Or was it? What was the real goal of the HGP, according to Wells? I’m beginning to wonder if Adams has found a protege, a potential successor, because Wells can lay it on almost as thick as Adams, and a quick Google search reveals numerous rants on not just NaturalNews.com, but Gary Null’s website, and numerous conspiracy websites about how The Man is trying to crush alternative medicine. With that background, it’s not surprising that Wells considers the HGP a complete failure, but not necessarily in the way you think, as Wells thinks it’s also a success in one way:
The National Institute of Health (NIH), an organization which actually does publish real findings, embraced the idea [of using the HGP to look for genes associated with disease]. But it looks as though the quackery of Western medicine took on the whole project in an effort to once again find cures just so it could bury them, before someone else comes along and claims they’ve found the same. This has been the trend since the United States hired Nazi scientists after WWII to design food additives and medicine (mustard gas chemo) which fuel cancer. (http://www.naturalnews.com/036484_Bayer_Nazi_war_crimes.html)
The truth of the matter is that the genome project was a huge success. Every gene and control element can now be mapped to its correct site on the genome, enabling all the working parts of the human system to be related to one another. But according to modern “disease-curing” science, it has turned out to be a dead end, a waste of time and money, a labyrinth with no exit, a boondoggle. Scientist who are paid off by the FDA, the CDC, and Big Pharma are very skilled at confusing the general public, with comments about the Genome Project like, “The only intellectually honest answer is that there’s no way to know.” This is the ultimate example of total intellectual property domination, where the answers are right there in our hands, but the chronic care industry won’t release them.
I do so love a totally unnecessary and unconnected argumentum ad Nazi-ium. Actually, I don’t. It’s the very reason I created the Hitler Zombie, lo those many years ago. However, Wells’ brain is far too thin a gruel to sate the hunger of the undead Führer; so I didn’t see this post as a suitable vehicle to resurrect His Undeadness again. This particular Nazi analogy feels too “tacked on,” anyway, as though Wells is trying too hard to find a way, however tenuous, to liken conventional medicine to Nazis.
It is a rather amusing idea, though. Think of it. Wells thinks that the government spent over $3 billion, used the efforts of hundreds, if not thousands, of scientists, and a spent a decade in order to sequence the human genome and then, having succeeded at that task, “buried” the results. Why would the government do that? It makes no sense, except in the fevered brain of a Mike Adams acolyte, who seems to think that the results were buried in order to keep people from finding out about “natural cures” for cancer and Alzheimer’s disease. Again, given the burden that these diseases cause in terms of care and lost productivity, it boggles the mind why the government would acquiesce to such a scheme, even if you believe that big pharma actually wanted it. In fact, there is a hint of an implication in Wells’ rant that in reality the HGP was a huge success for reasons other than using the information to find the causes of and cures for diseases with a major disease component. What could Wells mean? Well, there is an undercurrent in the alt-med crankosphere that the HGP is going to be used as a tool of eugenics. For example:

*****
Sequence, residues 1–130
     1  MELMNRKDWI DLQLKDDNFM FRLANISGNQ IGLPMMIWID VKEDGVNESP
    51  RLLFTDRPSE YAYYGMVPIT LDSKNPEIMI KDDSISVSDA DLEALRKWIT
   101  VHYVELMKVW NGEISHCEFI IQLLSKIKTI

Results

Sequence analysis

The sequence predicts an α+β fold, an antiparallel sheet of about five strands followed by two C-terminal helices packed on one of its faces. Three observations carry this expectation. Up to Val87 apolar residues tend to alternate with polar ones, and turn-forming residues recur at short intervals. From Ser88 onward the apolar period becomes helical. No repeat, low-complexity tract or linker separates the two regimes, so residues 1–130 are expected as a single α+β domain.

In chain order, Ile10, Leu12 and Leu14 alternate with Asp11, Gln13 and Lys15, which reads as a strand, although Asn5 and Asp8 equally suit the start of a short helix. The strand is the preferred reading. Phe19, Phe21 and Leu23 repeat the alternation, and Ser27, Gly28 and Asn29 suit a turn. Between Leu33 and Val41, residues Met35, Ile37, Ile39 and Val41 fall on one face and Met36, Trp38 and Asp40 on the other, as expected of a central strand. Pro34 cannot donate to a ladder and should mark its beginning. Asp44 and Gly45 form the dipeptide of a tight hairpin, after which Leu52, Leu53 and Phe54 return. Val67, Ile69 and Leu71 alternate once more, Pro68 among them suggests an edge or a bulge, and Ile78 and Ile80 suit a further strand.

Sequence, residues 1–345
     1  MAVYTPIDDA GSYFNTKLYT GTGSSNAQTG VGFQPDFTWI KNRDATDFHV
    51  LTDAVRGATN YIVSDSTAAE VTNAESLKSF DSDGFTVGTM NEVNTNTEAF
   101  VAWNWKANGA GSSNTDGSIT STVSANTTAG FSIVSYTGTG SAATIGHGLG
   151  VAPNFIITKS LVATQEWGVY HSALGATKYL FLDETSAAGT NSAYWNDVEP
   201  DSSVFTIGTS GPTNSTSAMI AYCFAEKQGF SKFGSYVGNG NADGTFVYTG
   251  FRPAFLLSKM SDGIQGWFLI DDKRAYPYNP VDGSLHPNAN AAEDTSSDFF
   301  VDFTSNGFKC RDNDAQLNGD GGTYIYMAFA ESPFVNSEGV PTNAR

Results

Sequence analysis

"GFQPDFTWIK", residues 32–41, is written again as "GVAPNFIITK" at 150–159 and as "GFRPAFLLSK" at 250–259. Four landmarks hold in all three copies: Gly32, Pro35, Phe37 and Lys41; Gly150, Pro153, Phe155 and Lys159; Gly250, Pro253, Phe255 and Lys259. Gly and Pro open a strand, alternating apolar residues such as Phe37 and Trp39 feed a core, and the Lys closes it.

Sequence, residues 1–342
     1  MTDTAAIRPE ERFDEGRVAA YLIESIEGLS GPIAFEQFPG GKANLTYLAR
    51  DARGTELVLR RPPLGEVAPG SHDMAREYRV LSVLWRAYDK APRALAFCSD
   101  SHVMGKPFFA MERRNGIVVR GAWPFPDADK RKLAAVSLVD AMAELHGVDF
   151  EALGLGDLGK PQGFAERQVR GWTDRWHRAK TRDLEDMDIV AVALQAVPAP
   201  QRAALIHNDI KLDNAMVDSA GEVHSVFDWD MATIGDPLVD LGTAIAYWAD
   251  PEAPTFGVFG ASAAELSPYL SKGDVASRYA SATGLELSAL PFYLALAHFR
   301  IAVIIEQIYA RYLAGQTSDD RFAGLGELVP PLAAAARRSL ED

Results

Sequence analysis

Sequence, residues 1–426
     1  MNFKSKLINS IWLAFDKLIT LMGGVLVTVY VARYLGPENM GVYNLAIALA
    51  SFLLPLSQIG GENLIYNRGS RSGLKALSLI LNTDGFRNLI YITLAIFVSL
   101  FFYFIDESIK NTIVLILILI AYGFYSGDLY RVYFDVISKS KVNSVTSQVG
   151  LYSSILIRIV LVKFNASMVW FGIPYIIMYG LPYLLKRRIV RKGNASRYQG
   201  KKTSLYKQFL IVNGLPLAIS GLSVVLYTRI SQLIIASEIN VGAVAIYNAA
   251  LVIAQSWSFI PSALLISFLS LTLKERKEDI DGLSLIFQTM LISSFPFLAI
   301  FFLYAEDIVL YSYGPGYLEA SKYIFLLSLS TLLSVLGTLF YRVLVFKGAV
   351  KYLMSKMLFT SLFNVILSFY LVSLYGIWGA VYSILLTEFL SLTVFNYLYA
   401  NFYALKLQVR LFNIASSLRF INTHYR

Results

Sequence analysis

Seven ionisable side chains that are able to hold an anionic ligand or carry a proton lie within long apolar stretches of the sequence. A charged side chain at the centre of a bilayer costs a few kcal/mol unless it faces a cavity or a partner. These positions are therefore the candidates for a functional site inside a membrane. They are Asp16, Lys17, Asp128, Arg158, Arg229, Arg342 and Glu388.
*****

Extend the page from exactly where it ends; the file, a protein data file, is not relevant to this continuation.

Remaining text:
An even greater threat to mankind is that this technology will not merely be used passively to document existing genetic makeup but will be used actively and aggressively to create new sub—races of human beings specialized to perform certain tasks. Naturally—created children will find themselves competing against genetically—modified people that are stronger, faster, smarter, less constrained by feelings of empathy and more disease and stress resistant.
Although Wells doesn’t say this explicitly, I’m sure he knows about these sorts of paranoid conspiracy theories about the HGP. They’re all over the crankosphere.
I’ve written about the HGP before and how perhaps its potential for immediate cures was overhyped. Science is messy and doesn’t yield up its secrets that easily, particularly given how massively, incredibly complicated the human genome is, a complexity that the ENCODE project has reminded us of once again. Twelve years after the results of the HGP were published, only now are we starting to see the potential for uses of the fruits of the HGP.